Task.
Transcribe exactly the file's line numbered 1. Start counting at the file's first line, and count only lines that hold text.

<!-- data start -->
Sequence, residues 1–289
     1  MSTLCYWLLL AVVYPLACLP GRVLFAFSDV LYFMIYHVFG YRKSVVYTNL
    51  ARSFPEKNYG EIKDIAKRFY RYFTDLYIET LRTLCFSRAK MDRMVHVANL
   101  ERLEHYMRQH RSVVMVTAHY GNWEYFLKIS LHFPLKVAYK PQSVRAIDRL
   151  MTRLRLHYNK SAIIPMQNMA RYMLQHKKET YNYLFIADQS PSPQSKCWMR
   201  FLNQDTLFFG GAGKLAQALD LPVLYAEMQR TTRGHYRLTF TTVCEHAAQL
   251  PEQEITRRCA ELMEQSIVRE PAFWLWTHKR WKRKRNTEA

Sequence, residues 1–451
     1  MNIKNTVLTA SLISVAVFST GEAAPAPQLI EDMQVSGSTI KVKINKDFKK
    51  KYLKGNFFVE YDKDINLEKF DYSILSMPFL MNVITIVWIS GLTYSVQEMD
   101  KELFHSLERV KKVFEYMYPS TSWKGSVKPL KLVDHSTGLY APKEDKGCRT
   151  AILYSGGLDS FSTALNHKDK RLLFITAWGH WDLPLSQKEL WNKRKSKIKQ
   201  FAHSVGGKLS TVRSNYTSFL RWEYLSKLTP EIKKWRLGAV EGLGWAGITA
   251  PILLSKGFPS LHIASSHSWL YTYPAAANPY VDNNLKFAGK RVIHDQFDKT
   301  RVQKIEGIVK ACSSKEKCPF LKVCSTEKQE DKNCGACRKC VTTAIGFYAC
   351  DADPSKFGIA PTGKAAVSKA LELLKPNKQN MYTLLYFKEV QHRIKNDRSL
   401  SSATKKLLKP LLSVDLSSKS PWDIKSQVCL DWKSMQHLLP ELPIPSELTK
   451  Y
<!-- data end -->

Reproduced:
Sequence, residues 1–289